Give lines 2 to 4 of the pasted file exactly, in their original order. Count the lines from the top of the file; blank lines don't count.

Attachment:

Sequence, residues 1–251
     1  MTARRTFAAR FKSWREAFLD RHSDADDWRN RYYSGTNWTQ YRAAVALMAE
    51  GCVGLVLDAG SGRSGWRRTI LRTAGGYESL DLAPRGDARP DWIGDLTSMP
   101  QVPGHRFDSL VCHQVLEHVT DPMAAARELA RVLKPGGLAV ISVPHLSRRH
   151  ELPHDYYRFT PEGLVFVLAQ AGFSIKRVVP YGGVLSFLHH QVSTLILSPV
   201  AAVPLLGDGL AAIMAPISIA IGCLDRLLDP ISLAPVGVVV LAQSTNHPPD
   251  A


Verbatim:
     1  MTARRTFAAR FKSWREAFLD RHSDADDWRN RYYSGTNWTQ YRAAVALMAE
    51  GCVGLVLDAG SGRSGWRRTI LRTAGGYESL DLAPRGDARP DWIGDLTSMP
   101  QVPGHRFDSL VCHQVLEHVT DPMAAARELA RVLKPGGLAV ISVPHLSRRH